A fascinating and enlightening biological book which details how female animals drive evolutionary change rather than simply existing to be fought over and mated with, as well as how biological sex actually defies easy categorisation; it certainly emphasises the fact that the natural world is a complicated place. At the same time, it reveals a lot about how many scientific “truths” actually result from conservative outlooks and bias toward ideas like male animals being more evolutionarily active. I really like Lucy Cooke’s writing style, which is emotionally engaging as well as informative.

7. Locked in Time by Dean Lomax
I find the inference of extinct animal behaviour from fossils to be one of the most interesting parts of palaeontology, so this is pretty much the perfect book, with a long list of fascinating fossils showing evidence of different behaviours, with descriptions of how those conclusions were reached. I really liked Dr Lomax’s writing style, engaging and informative without ever wasting words.

6. What I Talk About When I Talk About Running by Haruki Murakami
Anyone who likes running should find something worthwhile in this short book. It contains a number of relatable observations about running, and food for thought about the inevitability of getting older and less physically fit; I particularly liked the author’s comparisons between running and novel writing.

5. Prisoners of Geography by Tim Marshall
This book is not only an interesting examination of how geography has historically shaped the development of the countries we recognise today, but for someone like me who has a limited understanding of global politics, it gives a useful basic guide of how things stand between different countries and where they are likely to go in the future.

4. Down with the Old Canoe: A Cultural History of the Titanic Disaster by Steven Biel
This is a really fascinating book that examines the Titanic disaster from a sociological perspective: from how the events were interpreted at the time from different standpoints such as religion and feminism, to how these perspectives have altered in the following decades. It definitely encourages more analysis of Titanic-related media, and thought about how much validity the themes and metaphors familiar to Titanic enthusiasts really have; ultimately, the bigger meaning of the Titanic disaster depends on who’s talking about it and stems from our need to attribute a meaning to everything.

3. Humble Pi: A Comedy of Maths Errors by Matt Parker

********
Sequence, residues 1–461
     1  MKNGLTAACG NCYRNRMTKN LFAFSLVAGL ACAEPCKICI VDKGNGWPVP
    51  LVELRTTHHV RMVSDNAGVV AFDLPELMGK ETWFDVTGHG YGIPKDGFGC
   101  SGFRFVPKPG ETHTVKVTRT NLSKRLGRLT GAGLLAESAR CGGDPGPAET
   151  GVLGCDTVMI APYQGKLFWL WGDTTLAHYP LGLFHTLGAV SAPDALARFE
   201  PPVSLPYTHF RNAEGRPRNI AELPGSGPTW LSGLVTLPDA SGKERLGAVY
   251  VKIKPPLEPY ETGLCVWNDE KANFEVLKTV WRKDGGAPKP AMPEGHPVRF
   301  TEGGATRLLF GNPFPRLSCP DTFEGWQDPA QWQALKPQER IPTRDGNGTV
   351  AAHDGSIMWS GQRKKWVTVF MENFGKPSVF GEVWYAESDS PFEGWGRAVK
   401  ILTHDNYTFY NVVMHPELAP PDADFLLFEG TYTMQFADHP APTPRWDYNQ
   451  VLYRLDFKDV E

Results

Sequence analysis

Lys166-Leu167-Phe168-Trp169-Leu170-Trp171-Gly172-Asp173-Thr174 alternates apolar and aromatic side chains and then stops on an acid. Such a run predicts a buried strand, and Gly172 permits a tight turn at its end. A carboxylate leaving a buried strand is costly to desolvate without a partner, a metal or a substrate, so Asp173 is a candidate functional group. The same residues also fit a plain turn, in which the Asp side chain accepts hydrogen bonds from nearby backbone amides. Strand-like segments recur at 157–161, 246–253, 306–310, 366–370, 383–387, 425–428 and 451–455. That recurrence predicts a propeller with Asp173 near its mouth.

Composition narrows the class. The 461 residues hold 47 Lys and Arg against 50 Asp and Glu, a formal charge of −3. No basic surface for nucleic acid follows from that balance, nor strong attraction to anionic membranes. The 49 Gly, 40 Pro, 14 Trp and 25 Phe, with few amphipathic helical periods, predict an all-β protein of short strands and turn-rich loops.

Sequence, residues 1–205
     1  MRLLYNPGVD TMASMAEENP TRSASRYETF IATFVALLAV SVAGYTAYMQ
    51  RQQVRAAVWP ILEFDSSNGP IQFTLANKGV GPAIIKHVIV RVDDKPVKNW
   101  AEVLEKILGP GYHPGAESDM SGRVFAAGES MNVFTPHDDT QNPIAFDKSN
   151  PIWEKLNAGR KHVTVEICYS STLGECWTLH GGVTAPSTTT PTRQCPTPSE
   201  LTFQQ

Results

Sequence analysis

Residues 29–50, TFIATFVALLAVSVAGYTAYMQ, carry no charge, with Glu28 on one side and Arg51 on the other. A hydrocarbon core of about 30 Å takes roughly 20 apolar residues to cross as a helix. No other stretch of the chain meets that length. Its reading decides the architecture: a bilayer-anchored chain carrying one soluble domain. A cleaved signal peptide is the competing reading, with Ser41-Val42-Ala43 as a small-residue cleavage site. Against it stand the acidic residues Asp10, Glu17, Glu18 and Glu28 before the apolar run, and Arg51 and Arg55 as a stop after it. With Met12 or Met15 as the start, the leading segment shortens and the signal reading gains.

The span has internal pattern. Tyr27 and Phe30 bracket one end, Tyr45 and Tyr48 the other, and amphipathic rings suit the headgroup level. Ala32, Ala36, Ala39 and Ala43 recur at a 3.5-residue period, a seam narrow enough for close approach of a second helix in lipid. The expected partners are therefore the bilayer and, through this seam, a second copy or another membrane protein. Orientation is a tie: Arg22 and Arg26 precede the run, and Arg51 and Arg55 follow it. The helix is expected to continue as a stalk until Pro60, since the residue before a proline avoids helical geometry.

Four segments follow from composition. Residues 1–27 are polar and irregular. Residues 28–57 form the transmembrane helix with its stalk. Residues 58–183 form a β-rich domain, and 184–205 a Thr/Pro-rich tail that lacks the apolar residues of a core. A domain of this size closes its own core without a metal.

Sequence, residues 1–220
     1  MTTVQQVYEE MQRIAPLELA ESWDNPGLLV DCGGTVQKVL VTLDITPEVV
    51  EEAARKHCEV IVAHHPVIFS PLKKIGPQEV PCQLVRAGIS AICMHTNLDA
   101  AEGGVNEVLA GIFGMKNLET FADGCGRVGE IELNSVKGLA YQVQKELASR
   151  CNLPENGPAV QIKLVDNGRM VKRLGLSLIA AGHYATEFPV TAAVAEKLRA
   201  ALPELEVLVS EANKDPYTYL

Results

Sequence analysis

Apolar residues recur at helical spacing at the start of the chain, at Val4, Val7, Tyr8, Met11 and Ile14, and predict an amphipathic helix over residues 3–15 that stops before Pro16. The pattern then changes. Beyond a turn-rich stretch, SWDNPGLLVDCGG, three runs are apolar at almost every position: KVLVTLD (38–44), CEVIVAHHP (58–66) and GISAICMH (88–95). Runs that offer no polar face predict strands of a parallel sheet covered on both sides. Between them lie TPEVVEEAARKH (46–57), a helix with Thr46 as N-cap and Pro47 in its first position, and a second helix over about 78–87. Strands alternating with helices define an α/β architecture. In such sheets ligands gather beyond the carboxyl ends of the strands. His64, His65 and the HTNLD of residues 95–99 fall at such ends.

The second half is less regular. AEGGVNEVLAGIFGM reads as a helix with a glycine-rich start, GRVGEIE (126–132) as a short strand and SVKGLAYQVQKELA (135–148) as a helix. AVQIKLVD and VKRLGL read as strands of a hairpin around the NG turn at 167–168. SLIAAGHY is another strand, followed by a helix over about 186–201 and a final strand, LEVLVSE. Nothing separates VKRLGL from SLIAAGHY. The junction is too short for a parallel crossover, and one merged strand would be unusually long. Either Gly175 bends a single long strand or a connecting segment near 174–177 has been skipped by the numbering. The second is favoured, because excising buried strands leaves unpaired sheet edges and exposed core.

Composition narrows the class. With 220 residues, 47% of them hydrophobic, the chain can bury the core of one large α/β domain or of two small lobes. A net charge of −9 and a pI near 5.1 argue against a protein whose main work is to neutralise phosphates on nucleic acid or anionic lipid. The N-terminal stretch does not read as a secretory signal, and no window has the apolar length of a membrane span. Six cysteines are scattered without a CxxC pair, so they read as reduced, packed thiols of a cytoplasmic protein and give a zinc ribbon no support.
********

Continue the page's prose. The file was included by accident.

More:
This book about mathematical errors throughout history, in fields ranging from engineering to computer programming, also has a lot to teach about things like systems, the underlying operation of computers and why Excel shouldn’t really be used as a database – I found it extremely useful and thought-provoking.

2. Riding Rockets by Mike Mullane
Mike Mullane’s story of his time as a NASA astronaut has plenty to recommend it. Unlike most astronaut autobiographies, he gets into the ‘space stuff’ relatively quickly, covering most of his pre-NASA life at relevant points throughout rather than keeping it strictly chronological. This is also a lot cruder than the typical astronaut memoir – which is where a great deal of the humour comes from – and Mullane is brutally honest about such subjects as the deficiencies in NASA management or the chauvinist attitudes of himself and his fellow military astronauts. There are lots of interesting details about astronaut work and Space Shuttle missions, and some deeply affecting moments such as Mullane’s descriptions of viewing the Earth from space, and his friendship with Judy Resnik, who would die in the Challenger disaster.

  1. Falling to Earth by Al Worden
    This is an excellent astronaut autobiography on multiple levels. On the one hand, it’s very frank: Al Worden is honest about his own shortcomings – such as with his family life – and has quite a few stories about the poor behaviour of people he worked with, though without naming and shaming. He goes into detail about the Apollo 15 postal cover scandal, and his anger and bitterness – at himself and others – about the whole thing are very clear. On the other hand, the parts of the book regarding space flight are more positive and beautifully delivered. I enjoyed the little details that Worden provides about Apollo 15 itself and the preparation for it – his background as an engineer certainly comes across in his style here – as well as his personal thoughts during the flight. He makes the job of a command module pilot, the Apollo crew member who didn’t get to walk on the Moon, sound much more appealing than it does at first glance.

My big resolution for next year is to run my first marathon, which I’ve already started training for. Beyond that, I’d like to do the Great North Run again if I can get in; I’m making plans for my next holiday; and I need to figure out how to apply the same resolution behind my running targets to my writing targets.